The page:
Speaking at the Tax Institute’s Women in Tax National Congress 2017, leading commentator on women and the workforce, Catherine Fox, said the conversation around gender inequality needs to shift to the policy makers at firms, who were often men.
Citing the recent gender diversity report by the Australian Institute of Company Directors (AICD) showing that there were only 25.4 per cent of female directors across the ASX 200 this year, Ms Fox said male leaders needed to lead any form of change.
“It's illogical to tell women that they're the architects of their own marginalisation when in fact they're not the ones who are often running things,” said Ms Fox.
“Women are not well represented in positions of leadership. At management level it is slowly improving but it is very sluggish, and we are not making the bulk of the decisions unfortunately.
“We have to understand that the best people to actually break up the boys club are the boys.”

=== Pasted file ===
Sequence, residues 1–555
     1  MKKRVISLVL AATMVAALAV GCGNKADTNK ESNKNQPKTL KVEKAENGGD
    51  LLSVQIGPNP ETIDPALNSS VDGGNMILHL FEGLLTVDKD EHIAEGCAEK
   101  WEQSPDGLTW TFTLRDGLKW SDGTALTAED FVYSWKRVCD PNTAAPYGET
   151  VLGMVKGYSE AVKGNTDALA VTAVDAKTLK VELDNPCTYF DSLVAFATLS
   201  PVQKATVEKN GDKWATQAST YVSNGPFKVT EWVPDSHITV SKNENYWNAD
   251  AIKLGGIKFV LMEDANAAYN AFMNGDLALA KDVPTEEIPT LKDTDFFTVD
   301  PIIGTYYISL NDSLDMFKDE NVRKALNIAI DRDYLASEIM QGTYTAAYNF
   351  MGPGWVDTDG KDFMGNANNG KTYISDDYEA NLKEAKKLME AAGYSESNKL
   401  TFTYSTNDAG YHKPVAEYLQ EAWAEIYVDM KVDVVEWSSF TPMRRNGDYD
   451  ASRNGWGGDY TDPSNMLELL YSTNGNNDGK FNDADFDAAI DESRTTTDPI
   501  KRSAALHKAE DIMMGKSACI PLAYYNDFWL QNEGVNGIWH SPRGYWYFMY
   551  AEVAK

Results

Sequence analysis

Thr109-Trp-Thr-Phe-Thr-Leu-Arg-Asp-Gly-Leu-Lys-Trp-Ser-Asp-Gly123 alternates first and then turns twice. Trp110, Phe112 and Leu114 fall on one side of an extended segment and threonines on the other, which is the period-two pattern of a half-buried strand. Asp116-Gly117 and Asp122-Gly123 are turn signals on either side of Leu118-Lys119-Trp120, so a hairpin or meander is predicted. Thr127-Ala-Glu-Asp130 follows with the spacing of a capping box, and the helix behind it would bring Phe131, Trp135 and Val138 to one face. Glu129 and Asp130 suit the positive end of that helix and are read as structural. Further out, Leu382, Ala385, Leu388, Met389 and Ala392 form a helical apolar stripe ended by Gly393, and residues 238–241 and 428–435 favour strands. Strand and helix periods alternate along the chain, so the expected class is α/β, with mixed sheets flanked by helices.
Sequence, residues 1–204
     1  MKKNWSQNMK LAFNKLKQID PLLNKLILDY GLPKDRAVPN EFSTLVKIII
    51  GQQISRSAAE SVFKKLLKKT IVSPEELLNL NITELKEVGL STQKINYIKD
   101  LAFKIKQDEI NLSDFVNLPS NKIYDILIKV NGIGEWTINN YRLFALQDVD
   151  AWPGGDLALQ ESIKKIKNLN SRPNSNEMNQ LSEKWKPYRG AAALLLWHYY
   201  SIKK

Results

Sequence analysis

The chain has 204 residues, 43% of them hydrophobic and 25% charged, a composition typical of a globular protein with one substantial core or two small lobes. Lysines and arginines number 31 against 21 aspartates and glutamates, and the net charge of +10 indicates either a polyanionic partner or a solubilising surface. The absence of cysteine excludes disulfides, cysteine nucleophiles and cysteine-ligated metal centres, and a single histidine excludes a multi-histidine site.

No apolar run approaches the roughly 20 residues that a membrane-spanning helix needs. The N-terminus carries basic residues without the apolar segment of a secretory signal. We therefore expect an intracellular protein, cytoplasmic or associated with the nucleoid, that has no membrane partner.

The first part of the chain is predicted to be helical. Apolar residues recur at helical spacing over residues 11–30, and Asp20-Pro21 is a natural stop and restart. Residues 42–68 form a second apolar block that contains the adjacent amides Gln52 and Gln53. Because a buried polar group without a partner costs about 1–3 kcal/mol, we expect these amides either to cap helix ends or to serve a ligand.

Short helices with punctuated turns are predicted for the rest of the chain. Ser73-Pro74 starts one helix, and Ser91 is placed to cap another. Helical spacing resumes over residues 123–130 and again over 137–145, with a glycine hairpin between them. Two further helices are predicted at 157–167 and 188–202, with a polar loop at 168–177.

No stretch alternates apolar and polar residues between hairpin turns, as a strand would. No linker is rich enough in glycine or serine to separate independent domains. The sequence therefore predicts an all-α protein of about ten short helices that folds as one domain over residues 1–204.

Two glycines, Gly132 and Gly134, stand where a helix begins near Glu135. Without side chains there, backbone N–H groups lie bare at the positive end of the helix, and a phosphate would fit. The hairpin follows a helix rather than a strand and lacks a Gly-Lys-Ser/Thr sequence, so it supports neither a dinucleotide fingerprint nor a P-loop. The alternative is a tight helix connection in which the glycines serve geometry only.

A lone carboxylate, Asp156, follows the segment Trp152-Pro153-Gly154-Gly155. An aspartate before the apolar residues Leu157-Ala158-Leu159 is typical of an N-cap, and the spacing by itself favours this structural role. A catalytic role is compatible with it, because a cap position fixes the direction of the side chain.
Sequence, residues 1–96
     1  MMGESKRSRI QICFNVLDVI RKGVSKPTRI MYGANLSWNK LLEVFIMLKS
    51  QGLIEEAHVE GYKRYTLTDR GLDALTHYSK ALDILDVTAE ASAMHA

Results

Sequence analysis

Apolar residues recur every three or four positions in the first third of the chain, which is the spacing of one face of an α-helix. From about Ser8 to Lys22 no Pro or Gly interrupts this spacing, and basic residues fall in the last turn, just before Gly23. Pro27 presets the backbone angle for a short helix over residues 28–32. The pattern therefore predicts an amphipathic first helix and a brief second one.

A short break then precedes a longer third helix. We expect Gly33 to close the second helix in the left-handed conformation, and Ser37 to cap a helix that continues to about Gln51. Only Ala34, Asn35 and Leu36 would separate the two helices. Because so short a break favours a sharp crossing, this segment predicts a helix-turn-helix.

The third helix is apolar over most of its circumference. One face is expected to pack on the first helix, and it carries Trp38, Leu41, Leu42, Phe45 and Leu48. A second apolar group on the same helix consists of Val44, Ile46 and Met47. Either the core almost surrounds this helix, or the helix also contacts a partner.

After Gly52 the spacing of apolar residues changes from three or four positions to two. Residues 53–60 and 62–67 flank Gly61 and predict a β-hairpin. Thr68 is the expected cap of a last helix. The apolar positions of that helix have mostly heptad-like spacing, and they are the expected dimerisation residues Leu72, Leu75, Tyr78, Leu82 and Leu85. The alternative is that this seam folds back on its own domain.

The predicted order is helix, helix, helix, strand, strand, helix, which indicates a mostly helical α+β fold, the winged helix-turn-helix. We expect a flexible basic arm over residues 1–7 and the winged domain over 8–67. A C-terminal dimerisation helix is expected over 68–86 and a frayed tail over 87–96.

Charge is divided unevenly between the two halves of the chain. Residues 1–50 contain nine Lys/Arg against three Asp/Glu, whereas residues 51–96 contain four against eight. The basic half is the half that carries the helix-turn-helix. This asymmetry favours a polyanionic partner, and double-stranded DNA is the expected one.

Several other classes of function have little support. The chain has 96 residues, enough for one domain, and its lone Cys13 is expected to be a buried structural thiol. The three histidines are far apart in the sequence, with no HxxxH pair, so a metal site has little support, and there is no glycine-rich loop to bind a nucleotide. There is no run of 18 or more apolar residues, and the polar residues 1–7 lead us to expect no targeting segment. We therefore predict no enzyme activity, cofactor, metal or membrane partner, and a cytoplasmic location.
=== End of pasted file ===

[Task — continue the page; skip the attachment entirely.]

Ms Fox said time has shown that focusing on ‘fixing’ women has “simply not added up”, and that a holistic approach was need.
“If we are going to change the dynamics in workplace, how can we do it if we're only addressing half the people in the workplace?,” asked Ms Fox.
“It's a bit like saying look we'll introduce a new occupational health and safety policy but we'll only tell half of you what it's about and we'll only ask half of you to modify or change your behaviour — it simply isn't going to work.”
Ms Fox, who is a member of the Australian Defence Force Gender Equality Advisory Board, said that any change had to come from the top down, even if that meant making it mandatory.
“I think it is most important that you have the most senior people around the table, so when our advisory board meets, we have every single chief of service, the secretary of department, the chief of the defence force and his deputy, there is no question that you have to have every senior person in the room and you actually just have to mandate that,” added Ms Fox.
“Sometimes you have to push it and once you get people properly listening and being engaged to do something concrete about it, I think you can actually get some traction.”
Jotham Lian is the editor of Accountants Daily, the leading source of breaking news, analysis and insight for Australian accounting professionals.
Before joining the team in 2017, Jotham wrote for a range of national mastheads including the Sydney Morning Herald, and Channel NewsAsia.